An Honest
Day’s Word

By Joe Edwards

Wednesday, May 5, 1999

Camden is heavenly
for baseball fans

HIS and that to chew on over lunch:

There's nothing like a perfect, sunshiny Saturday afternoon at a big-league ballpark to help you relax.

I was fortunate enough to spend one in Baltimore about 10 days ago. If Oriole Park at Camden Yards is what all the new ballparks are like, I say the people in Seattle, San Francisco, Houston, Detroit and Milwaukee are in for a treat.

It's a mistake to say these new parks hark back to the old days of baseball, because the new ones are part shopping mall and part amusement park when you get right down to it.

All that is nice, but it's the game I care most about. And there's where the new parks have it all over the old ones.

I've been to Fenway Park, for example. Red Sox fans worship the place as though it were Jerusalem, but let's face it, unless you're in the box seats, it's no great shake. The seats are too close together for anyone taller than 6-feet. Sight lines can be blocked. If it weren't for the Green Monster and all that choked up tradition and heartache, the place is the Metrodome with grass.

Camden, on the other hand, is one of the more comfortable parks where I've ever seen a pro game. Sight lines are fantastic. Lots of room to sit comfortably. The vendors really hustle. It's just a great place to watch a game -- even if the Orioles are the worst team in the American League.

I picked a heck of a week to go, too. I saw the O's play Oakland twice, Kansas City and Minnesota, so I've seen how the bottom feeders of the AL survive. It's not pretty. At least the owners from the visiting three teams don't have $80 million payrolls to deal with.

Not that I'm against spending money on your employees, mind you. But Baltimore clearly made some poor personnel decisions, starting with manager Ray Miller.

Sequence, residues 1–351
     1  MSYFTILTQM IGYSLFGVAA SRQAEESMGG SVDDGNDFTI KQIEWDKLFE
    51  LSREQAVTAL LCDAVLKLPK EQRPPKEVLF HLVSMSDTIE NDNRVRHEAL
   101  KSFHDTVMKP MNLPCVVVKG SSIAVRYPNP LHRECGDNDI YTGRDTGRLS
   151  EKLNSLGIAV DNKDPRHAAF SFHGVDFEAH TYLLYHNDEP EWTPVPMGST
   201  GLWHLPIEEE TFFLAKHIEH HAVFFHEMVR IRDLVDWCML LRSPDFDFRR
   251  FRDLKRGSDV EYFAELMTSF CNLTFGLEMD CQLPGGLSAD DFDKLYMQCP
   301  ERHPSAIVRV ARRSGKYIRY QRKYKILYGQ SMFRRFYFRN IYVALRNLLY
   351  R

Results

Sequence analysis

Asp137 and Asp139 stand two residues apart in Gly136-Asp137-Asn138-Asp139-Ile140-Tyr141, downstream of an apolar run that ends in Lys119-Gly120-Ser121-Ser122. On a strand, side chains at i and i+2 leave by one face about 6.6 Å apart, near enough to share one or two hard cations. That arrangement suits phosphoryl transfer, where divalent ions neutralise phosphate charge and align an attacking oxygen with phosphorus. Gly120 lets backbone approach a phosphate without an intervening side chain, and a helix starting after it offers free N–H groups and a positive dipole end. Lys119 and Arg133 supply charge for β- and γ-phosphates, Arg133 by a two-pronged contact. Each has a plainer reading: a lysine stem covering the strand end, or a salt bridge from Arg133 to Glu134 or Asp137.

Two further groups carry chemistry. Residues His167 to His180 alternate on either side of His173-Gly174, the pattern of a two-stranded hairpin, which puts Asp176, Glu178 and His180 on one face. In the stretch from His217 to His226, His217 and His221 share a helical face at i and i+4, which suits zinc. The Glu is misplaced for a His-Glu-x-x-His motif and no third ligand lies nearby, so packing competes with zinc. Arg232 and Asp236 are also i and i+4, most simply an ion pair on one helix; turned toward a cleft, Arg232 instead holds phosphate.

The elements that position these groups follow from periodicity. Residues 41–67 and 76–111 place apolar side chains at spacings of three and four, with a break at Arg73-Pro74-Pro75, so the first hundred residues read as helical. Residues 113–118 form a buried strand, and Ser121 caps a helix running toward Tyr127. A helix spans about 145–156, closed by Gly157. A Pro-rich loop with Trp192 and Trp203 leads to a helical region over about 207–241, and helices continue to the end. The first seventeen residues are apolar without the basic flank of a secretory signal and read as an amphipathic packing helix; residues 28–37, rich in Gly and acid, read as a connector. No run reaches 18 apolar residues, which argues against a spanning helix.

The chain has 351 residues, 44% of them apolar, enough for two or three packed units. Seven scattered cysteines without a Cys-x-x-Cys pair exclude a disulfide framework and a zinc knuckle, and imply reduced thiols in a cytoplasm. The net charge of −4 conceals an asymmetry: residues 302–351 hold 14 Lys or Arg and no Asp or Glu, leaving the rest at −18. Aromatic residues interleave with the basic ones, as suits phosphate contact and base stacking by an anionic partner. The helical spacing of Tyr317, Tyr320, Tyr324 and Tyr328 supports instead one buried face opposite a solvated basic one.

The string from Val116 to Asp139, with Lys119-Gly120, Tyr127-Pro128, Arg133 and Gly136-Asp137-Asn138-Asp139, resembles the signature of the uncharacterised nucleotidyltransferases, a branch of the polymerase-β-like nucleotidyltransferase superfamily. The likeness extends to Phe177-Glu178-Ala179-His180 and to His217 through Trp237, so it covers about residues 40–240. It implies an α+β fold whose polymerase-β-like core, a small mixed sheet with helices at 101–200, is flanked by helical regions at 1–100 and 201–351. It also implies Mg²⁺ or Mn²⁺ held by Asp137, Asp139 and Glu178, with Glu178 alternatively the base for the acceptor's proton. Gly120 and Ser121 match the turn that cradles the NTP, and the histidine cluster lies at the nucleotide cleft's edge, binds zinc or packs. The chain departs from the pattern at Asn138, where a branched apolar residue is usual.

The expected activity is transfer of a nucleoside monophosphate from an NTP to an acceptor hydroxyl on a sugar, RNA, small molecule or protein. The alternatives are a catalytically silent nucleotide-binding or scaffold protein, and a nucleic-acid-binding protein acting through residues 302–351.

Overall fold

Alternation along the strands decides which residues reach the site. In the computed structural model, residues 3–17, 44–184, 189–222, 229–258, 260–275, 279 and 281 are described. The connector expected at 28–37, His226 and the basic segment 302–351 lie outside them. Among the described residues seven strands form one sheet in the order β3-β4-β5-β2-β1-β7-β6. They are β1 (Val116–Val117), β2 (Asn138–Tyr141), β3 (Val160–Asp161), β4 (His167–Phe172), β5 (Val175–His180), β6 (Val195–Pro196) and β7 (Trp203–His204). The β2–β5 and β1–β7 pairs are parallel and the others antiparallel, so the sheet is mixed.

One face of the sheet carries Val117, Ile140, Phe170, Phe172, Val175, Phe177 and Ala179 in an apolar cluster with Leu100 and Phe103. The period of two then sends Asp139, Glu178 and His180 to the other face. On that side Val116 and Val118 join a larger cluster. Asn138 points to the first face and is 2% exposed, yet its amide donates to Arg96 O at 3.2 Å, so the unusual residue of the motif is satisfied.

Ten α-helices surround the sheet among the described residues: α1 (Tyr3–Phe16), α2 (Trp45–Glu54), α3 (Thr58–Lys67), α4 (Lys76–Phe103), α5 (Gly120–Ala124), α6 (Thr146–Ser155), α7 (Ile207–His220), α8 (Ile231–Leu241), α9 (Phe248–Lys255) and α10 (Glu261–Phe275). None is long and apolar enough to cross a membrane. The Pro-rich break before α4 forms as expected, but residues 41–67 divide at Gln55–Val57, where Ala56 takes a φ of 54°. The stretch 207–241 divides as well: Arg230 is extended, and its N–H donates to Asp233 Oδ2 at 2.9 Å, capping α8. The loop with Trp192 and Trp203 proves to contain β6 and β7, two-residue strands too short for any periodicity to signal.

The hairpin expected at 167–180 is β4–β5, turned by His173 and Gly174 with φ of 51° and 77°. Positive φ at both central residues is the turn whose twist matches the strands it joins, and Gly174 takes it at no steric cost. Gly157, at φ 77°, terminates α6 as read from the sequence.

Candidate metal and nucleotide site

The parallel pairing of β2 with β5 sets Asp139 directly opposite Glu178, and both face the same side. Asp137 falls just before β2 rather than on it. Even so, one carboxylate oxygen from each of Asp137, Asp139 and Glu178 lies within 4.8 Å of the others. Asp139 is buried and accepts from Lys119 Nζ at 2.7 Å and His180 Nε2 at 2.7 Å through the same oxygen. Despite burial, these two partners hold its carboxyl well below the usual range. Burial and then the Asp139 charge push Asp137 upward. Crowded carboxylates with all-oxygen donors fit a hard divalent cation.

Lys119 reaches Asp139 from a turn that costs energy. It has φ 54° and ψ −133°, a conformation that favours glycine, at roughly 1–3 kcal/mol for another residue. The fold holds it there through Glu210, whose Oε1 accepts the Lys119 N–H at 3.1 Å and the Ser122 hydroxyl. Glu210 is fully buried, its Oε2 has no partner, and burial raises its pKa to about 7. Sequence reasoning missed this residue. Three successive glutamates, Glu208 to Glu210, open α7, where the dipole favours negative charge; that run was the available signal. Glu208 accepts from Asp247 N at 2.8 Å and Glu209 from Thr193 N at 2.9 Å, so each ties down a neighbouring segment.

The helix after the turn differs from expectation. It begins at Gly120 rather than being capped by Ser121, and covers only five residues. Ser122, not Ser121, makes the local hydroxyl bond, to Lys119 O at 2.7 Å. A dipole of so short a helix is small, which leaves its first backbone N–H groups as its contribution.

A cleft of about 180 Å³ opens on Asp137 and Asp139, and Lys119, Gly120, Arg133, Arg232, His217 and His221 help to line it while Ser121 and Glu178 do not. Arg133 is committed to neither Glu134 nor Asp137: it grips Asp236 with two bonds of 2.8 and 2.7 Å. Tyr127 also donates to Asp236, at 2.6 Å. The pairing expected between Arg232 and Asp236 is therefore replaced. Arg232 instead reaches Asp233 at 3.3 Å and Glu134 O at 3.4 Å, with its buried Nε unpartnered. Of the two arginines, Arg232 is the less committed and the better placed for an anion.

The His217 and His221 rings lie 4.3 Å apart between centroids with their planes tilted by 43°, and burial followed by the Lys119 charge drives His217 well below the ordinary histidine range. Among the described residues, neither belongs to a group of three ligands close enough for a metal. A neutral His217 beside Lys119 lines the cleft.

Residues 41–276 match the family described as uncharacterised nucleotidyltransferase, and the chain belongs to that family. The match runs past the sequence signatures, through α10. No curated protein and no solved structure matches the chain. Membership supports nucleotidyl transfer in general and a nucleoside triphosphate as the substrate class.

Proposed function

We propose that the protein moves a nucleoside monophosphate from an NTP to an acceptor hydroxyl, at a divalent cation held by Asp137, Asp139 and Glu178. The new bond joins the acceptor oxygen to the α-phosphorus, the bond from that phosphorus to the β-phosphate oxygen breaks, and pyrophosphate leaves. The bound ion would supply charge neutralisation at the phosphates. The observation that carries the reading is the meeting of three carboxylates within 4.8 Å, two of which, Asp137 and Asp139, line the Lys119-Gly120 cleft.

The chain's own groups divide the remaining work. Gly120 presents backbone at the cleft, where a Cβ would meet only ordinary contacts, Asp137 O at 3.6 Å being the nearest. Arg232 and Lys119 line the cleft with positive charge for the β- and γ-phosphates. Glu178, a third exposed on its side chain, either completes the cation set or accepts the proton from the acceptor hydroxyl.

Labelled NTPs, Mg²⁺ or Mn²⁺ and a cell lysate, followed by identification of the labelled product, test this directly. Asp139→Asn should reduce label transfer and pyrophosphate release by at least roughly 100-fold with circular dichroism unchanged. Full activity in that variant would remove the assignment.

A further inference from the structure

I guess I shouldn't be too hard on the Orioles. Peter Angelos was kind enough to let a group of us sit in a team suite the night we were there to see the Royals pound his lads.

Now that the Orioles are through cozying up to Fidel Castro, maybe they can get down to the business of playing fundamentally sound ball.

Lord knows they need it.


One sight missing from what will probably be my first and last trip to Camden was No. 8 at third base for the O's.

Cal Ripken is on the disabled list with an aching back. He says it feels better and that he's optimistic about his future, but when a 38-year-old guy starts to get mysterious back pains, you can pretty much count the days left in his career.

Somehow it would be almost fitting, given the retirements of Michael Jordan, Wayne Gretzky and John Elway.

I wish Cal could play forever, but I have a feeling he's done.


The NBA season ends today. I'll be the first to admit I was way wrong about the Dennis Rodman experiment in L.A.

Rumors are flying around Washington, D.C., that Shaquille O'Neal will be the next exile, possibly for Juwan Howard of the Wizards.

That wouldn't surprise me too much, since they make similar money. More and more, the Lakers look like they are putting their stock in Kobe Bryant. I'm not sure if that's a good move, but Shaq hasn't paid off like they thought he would.

As for the playoffs, I still like Miami in the East with Indiana a possibility.

In the West, Portland and San Antonio are nice, but Utah knows it can get the job done.

And confidence wins.

Joe Edwards is sports editor of the Star-Bulletin.

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